After the ceremony, most of the crowd moved towards the monument to find the names of their loved ones etched in the stone. Some left flowers there. Some were weeping, and others were just standing stoically by the side. He wasn’t ready to face the monument, to see all of those names etched in stone, so he hung back by the platform and shook hands with many people and heard their stories, just as it had been one year ago. After what felt like a long time, he needed to find Ginny.
He spotted her standing by the same birch tree he had stood under after Dumbledore’s funeral, almost two years ago. He remembered that’s where he had stood right after he had ended things with her so abruptly, and when he learned that Ron and Hermione were coming to hunt Horcruxes and stand by him even through the worst of times to come. It was nice to find Ginny under this same tree. She was by herself and leaning against the trunk, her back to the castle. Hands in his pockets, Harry walked up to her and cleared his throat so as not to startle her.
“Hi,” he offered.
“Hey.” She whipped around to face him, her hair flying as she moved. “Rough day, I’m sure.”
“Yeah… How are you? How are your parents?”
“They’re fine. They’ll be all right.” Harry didn’t know what to say next, and after a moment, Ginny sighed. “Weather’s fitting.” She leaned back against the tree, hugging a light cloak over her shoulders. “Wonder why everyone always thinks of Spring as being so lovely here. By your letters, London sounds beautiful, but here it’s always rainy and I’m freezing.”
Harry looked to the sky. She was right. It had been misty and drizzling all day and it did fit the mood of the evening. The rain had stopped now and a chilly mist rose off the water where the merpeople had surfaced during the ceremonies to watch.
Her voice cut into his thoughts, “I can’t believe it’s been a year without Fred, and since the battle. Can you?”
“No. Not really. Hasn’t been the easiest year.”
Ginny sighed. “Easier than the year before?”
“Yeah, but still not easy.”
Ginny grinned slightly, “Well, Harry, you sort of have to hope that, from year to year, things have to improve.”
“Maybe. I would say that… some years will probably be harder than others, but that’s life, I suppose. That’s been my experience. Maybe they’ll ease a bit from here on in, you’re right.” He cleared his throat and went to stand to the right of her. He leaned on the tree trunk as well. ”For you, life is going to be a lot of fun in the next year, with the Harpies and all.”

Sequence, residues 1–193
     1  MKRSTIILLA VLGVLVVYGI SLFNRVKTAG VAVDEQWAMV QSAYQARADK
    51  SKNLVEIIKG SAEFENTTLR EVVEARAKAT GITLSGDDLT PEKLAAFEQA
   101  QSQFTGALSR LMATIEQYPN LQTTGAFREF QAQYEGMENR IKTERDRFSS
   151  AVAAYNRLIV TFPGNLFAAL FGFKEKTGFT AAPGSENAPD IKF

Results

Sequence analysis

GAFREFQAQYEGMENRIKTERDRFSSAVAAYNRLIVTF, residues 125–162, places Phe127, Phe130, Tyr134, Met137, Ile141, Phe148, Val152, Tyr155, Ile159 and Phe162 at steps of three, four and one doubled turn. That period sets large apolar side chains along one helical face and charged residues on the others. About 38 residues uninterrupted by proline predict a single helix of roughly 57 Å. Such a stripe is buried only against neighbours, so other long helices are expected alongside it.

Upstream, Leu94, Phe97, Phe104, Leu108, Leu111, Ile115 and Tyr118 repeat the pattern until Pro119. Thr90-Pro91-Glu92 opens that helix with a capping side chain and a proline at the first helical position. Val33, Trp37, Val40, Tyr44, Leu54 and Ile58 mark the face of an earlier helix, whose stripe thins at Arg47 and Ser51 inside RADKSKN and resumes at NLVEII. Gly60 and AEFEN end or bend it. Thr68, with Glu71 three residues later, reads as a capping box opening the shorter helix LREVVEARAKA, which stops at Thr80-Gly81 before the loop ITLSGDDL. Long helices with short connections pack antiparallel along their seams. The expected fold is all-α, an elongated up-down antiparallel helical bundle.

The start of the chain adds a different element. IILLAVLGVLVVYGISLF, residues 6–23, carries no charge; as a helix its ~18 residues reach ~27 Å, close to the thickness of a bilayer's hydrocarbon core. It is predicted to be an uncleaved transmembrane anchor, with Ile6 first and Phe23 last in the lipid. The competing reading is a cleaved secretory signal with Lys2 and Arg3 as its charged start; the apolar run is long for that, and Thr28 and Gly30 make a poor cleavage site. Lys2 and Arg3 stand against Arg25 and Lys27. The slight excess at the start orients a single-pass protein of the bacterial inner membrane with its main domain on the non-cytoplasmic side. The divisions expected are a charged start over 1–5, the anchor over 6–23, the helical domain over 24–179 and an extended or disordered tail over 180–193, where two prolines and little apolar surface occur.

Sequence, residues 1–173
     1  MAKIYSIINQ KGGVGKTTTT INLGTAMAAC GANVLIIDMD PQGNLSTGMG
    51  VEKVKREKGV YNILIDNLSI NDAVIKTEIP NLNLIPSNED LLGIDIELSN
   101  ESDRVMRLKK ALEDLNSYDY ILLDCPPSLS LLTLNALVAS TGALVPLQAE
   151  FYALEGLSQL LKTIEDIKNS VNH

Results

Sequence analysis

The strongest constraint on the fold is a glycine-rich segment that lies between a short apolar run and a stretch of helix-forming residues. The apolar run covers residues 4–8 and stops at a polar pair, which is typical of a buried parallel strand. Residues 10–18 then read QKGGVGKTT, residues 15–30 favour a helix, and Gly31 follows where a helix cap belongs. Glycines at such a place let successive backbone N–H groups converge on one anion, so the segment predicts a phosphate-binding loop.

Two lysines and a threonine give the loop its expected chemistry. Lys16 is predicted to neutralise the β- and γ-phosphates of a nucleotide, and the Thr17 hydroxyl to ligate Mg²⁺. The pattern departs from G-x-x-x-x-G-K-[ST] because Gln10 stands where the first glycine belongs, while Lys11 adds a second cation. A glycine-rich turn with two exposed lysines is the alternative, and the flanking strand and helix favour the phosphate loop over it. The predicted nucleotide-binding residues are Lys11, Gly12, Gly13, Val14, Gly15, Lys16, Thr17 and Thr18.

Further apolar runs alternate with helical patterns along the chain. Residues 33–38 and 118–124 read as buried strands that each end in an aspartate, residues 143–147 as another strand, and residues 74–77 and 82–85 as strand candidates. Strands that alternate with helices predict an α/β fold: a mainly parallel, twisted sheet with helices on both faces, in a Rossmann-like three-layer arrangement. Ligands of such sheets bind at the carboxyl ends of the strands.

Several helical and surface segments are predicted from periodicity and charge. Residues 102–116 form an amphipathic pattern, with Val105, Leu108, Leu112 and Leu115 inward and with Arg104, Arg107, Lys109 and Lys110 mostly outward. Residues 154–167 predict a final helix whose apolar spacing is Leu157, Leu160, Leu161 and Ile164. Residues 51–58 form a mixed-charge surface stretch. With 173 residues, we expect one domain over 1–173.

“Fun?!? It’s six days a week of practice, drills are brutal, and matches could last all day and night, and sometimes go for three days at a spell! Can you imagine a three-day Quidditch match?” she answered heatedly, but with a glint in her eye that he knew meant she was joking.
Harry shook his head. ”Sounds pretty brutal.”
“It’s not. You’re right, it should be fun. Whatever it is, I will say that it sounds a thousand times better than getting stuck at some stuffy office job at the Ministry or working at a shop. I get to breathe fresh air, fly all day in beautiful scenery, and get paid for it, even if it’s rookie salary. I’m the luckiest girl in all of the UK right now.”
Harry grinned at her. “Careful. Once training is through, two years from now, I’ll be working a stuffy office job at the Ministry.”
“No, you won’t! You’re an Auror. Remember the stories that Tonks used to tell us? You’ll be out and about left, right, and centre going from one chase or mission to another. That’s a pretty exciting life.”
“Er… sort of.” He shrugged. “Tonks probably left out all the reports and paperwork. My job — before and after I go out, and in between doing any of what you’re talking about — is to sit in a stuffy office and write and file reports and affidavits. As Head Auror Robards says in his weekly address to the trainees, busywork is the work of young Aurors.”
Harry’s comments led him to think of all the excruciating hours he had put into the trainee program this month. Again, it was more work than he had bargained for this early in the game.
“Well, it’s good to see you,” she said finally. “So, where do you want to talk? Should we take a walk or something?”
Harry agreed and soon he and Ginny were walking around the edge of the lake. He kept the conversation going this time, asking her more about her plans to move to the Harpies’ training camp in Holyhead. He asked her a bit about all the travelling she would do next year.
Harry was frustrated with himself. He had come here to seriously talk to her and what was he doing? He was wasting time talking about other things. It could be more months or years spent being cautious and friendly to her, a complete waste of life, if you asked him, just as these past months had been without her. He didn’t want to waste any more of the time he had left with Ginny, even if they had a hundred good years.
They stopped near the edge of the forest. The sun was beginning to set around them, creating a fiery path on the horizon. Harry thought he had the confidence to begin speaking, but Ginny cut in.
“What are you thinking about?”
Harry rubbed his forehead, remembering that although his scar had not ached in a year, he often feared that it would start to again. He felt